Master Teague was originally set to take over for J.K. Dobbins when he left for the NFL. But when OSU added Oklahoma transfer Trey Sermon last offseason, Teague once again found himself in a rushing committee. And since quarterback Justin Fields is a powerful, capable runner, Teague had even fewer chances to shine.

Now Sermon and Fields are gone, and Teague will have an opportunity to earn a sizable workload in Columbus. Granted, he'll still have to share the backfield wieth other talented runners such as five-star true freshman TreVeyon Henderson, but Teague's experience will allow the coaching staff to break in a new starting quarterback.

Through the first three years of his career, he's produced 1,409 rushing yards and 13 touchdowns. Expect those numbers to increase significantly for the 5-11, 226-pound junior in 2021.

RELATED: Ranking The Top 5 Returning SEC Running Backs

2. Tyler Goodson, Iowa

Despite being a lowly-rated three-star coming out of high school, Tyler Goodson has become one of the top running backs in the Big Ten. In 13 games during his first season, he totaled 804 yards from scrimmage (638 rushing, 166 receiving) while scoring five times. Since then, he has stepped things up a notch.

The rising junior was named First Team All-Big Ten this past season after totaling 914 yards (762 rushing, 152 receiving) in only eight games. His ability as a runner and pass-catcher gives the Hawkeyes a valuable, versatile member in their backfield.

And now that fellow running back Mekhi Sargent has moved on after a successful career at Iowa, Goodson should be relied on even more heading into 2021. As long as he stays healthy, Goodson is almost a lock to crack 1,000 rushing yards. But it wouldn't be a surprise to see him flirt with numbers much higher than that, especially when you're talking about total yardage.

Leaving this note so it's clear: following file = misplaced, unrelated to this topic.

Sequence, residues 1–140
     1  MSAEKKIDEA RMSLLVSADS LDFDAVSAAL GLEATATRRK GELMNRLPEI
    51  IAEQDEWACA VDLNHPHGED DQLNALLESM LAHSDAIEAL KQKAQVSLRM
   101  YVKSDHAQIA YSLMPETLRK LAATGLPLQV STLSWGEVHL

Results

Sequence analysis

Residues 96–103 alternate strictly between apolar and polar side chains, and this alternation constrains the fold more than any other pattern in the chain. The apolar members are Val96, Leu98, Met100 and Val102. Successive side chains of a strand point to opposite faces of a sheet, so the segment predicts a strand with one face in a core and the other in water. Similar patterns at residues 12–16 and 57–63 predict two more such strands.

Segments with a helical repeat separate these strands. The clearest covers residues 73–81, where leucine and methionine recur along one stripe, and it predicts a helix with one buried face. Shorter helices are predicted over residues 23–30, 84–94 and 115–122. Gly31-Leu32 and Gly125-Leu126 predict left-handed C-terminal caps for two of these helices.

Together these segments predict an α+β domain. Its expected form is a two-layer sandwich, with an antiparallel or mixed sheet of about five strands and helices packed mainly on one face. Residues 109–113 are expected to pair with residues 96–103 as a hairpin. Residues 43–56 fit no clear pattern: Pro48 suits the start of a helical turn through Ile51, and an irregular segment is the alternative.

At 5-10, 200 pounds, he isn't the biggest, but he's more than capable of handling a large workload.

1. Mohamed Ibrahim, Minnesota

The top spot on this list is a no-brainer.

Despite playing only seven games last season, Mohamed Ibrahim rushed 1,076 yards and 15 scores on 201 carries. His 153.71 yards per game ranked second in all of college football, and he was clearly the focal point of Minnesota's offense, even though the passing game had Tanner Morgan and Rashod Bateman.

Sure, the Golden Gophers were a colossal disappointment at 3-4, but Ibrahim was named Big Ten Running Back of the Year for a reason. He also made First Team All-Big Ten and AP Third-Team All American.

In 27 career games, Ibrahim has rushed for 2,840 yards and 31 touchdowns, which means his per-game average sits at 105.2 yards. Granted, he offers next to nothing as a receiver with only 15 career catches, but his ability as a pure running back is next level

At 5-10, 210 pounds, Ibrahim brings a valuable skill set to the table. He can break tackles through power or make defenders to miss altogether, which is why he's able to create yardage after contact so frequently. Get your popcorn ready because he's going to be fun to watch.

Follow Clint Lamb on Twitter @ClintRLamb.